leaving the location until you have, and once you are aware of and/or
have found the planetary locations you can (and will need to) go back
and forth between them, trying to sort out what you need to do in order
to progress. In that sense the game is fairly open, but there does
appear to be only one path through the game.
I found a lot of things, and as
far as I can recall used them all except the fairly obvious one you may
find fairly early. It made me chuckle. So too did one or two conundrum
solutions, and while it is a fairly solitary adventure, one or two
exchanges between Powell and Zak got me smiling. It is a serious piece
of sci-fi, but it knows the benefit of a light hearted moment or two.
The game saves automatically
when you exit, and you just hit continue from the menu to pick up where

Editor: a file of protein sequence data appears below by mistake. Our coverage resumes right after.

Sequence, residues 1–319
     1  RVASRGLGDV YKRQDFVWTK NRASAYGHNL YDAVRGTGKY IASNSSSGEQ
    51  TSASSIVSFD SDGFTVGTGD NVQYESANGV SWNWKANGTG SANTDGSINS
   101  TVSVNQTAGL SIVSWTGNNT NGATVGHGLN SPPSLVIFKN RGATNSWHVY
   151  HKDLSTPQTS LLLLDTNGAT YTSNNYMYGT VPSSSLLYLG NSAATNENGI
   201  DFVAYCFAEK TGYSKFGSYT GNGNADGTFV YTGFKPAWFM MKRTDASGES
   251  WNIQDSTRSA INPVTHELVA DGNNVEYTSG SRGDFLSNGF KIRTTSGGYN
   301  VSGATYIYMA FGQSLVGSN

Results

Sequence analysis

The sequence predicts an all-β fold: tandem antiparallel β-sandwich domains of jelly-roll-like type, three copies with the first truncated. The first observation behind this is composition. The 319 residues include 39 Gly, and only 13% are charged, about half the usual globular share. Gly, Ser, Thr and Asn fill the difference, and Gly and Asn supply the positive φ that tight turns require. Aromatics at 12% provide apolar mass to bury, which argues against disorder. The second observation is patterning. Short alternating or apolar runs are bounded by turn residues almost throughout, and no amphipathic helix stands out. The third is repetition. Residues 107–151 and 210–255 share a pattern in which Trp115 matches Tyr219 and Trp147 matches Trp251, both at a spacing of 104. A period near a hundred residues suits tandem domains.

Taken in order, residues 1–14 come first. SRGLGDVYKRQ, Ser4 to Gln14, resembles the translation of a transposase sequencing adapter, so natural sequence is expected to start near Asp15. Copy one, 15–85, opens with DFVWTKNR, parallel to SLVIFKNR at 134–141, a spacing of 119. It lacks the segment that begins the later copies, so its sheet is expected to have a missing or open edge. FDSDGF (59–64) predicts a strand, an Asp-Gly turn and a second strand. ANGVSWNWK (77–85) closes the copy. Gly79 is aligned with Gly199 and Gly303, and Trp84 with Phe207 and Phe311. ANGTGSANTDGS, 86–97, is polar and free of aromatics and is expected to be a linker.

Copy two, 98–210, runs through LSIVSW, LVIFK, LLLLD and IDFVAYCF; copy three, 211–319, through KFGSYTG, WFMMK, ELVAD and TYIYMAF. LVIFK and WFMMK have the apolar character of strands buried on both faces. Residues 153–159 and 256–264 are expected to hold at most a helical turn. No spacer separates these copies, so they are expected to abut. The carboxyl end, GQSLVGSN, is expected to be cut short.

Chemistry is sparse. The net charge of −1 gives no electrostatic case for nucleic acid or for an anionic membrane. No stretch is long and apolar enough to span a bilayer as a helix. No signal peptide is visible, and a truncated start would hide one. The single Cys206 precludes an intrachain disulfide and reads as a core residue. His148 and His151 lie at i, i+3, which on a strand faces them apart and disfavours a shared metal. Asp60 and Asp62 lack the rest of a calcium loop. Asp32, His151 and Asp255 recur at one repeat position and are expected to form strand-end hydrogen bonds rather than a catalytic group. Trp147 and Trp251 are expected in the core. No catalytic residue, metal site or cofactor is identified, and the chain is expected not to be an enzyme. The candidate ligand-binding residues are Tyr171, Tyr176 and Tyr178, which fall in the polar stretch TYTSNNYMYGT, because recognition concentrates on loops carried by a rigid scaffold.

you left off. You can choose to turn on or off the sound, the music and
the speech (why you would want to do that I don’t know), but you should
leave them all on. All speech has subtitles. There are no timed puzzles,
no mazes, and you don’t die.
There was apparently an earlier
flash version of this game, but things have changed. I mention that only
because if you are stuck, searching for a walkthrough might well bring
up one for that version which may or may not be helpful. I mention that
because it happened to me, but the very responsive people at Phoenix
quickly helped out. Many are the time I send emails to publishers which
end up in the void, but not here. It deserves mentioning.
Finally, from the menu screen
you can rewatch both the intro and the outro. I have to confess I am not
sure whether the outro is now available because I got to the end and am
playing again, or whether it was always there. If it was always there,
leave it alone until you get there (to the end that is). Then watch it
again, as it deserves it.
I have played some underwhelming
games recently so this stood out. I feel confident in saying it would
have done that anyway. Like I said, it’s a rather good sci-fi adventure.
I played on:
OS: Windows 7
Processor: Intel i7-3820 4GHz
RAM: 12GB Ripjaw DDR3 2133 Mhz
Video card: AMD Radeon HD 7800 2048MB